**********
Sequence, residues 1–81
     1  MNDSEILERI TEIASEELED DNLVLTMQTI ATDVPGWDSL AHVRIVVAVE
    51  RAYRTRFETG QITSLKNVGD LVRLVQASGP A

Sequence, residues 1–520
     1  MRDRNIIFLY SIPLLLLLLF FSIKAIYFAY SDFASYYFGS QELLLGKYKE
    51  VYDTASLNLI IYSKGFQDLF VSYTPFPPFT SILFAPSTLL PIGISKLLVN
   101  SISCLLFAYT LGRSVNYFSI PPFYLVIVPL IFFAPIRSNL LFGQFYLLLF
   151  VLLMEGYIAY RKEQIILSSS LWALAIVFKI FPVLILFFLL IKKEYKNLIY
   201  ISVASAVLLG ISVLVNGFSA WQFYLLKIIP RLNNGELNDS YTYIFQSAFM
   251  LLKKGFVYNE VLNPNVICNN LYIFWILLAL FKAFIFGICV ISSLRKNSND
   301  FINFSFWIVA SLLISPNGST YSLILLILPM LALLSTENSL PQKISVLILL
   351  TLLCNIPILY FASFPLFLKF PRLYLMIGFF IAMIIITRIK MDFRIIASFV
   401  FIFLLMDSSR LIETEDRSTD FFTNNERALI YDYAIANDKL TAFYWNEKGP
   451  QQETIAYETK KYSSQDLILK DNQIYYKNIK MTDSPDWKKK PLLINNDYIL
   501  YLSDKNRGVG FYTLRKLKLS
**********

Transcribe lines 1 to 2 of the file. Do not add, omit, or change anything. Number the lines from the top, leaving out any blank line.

Sequence, residues 1–81
     1  MNDSEILERI TEIASEELED DNLVLTMQTI ATDVPGWDSL AHVRIVVAVE